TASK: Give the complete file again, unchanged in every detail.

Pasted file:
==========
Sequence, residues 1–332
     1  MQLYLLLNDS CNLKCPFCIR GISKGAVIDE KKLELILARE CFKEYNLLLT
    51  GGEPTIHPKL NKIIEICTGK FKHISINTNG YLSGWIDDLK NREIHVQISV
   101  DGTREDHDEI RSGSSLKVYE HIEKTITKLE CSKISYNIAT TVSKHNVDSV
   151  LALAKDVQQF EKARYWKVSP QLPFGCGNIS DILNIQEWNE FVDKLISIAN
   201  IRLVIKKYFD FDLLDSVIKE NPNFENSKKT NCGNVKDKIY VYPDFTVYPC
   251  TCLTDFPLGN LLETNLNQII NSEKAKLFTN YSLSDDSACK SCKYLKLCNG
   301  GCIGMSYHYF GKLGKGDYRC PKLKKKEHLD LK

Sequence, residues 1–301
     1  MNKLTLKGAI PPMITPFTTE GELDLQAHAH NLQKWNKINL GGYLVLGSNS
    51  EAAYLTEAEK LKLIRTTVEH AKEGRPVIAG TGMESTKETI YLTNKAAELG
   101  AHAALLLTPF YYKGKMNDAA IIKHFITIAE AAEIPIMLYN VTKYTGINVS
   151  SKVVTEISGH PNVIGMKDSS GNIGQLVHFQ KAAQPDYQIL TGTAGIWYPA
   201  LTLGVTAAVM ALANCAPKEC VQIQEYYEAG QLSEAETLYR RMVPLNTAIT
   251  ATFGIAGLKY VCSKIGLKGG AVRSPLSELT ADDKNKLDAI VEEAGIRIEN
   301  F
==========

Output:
Sequence, residues 1–332
     1  MQLYLLLNDS CNLKCPFCIR GISKGAVIDE KKLELILARE CFKEYNLLLT
    51  GGEPTIHPKL NKIIEICTGK FKHISINTNG YLSGWIDDLK NREIHVQISV
   101  DGTREDHDEI RSGSSLKVYE HIEKTITKLE CSKISYNIAT TVSKHNVDSV
   151  LALAKDVQQF EKARYWKVSP QLPFGCGNIS DILNIQEWNE FVDKLISIAN
   201  IRLVIKKYFD FDLLDSVIKE NPNFENSKKT NCGNVKDKIY VYPDFTVYPC
   251  TCLTDFPLGN LLETNLNQII NSEKAKLFTN YSLSDDSACK SCKYLKLCNG
   301  GCIGMSYHYF GKLGKGDYRC PKLKKKEHLD LK

Sequence, residues 1–301
     1  MNKLTLKGAI PPMITPFTTE GELDLQAHAH NLQKWNKINL GGYLVLGSNS
    51  EAAYLTEAEK LKLIRTTVEH AKEGRPVIAG TGMESTKETI YLTNKAAELG
   101  AHAALLLTPF YYKGKMNDAA IIKHFITIAE AAEIPIMLYN VTKYTGINVS
   151  SKVVTEISGH PNVIGMKDSS GNIGQLVHFQ KAAQPDYQIL TGTAGIWYPA
   201  LTLGVTAAVM ALANCAPKEC VQIQEYYEAG QLSEAETLYR RMVPLNTAIT
   251  ATFGIAGLKY VCSKIGLKGG AVRSPLSELT ADDKNKLDAI VEEAGIRIEN
   301  F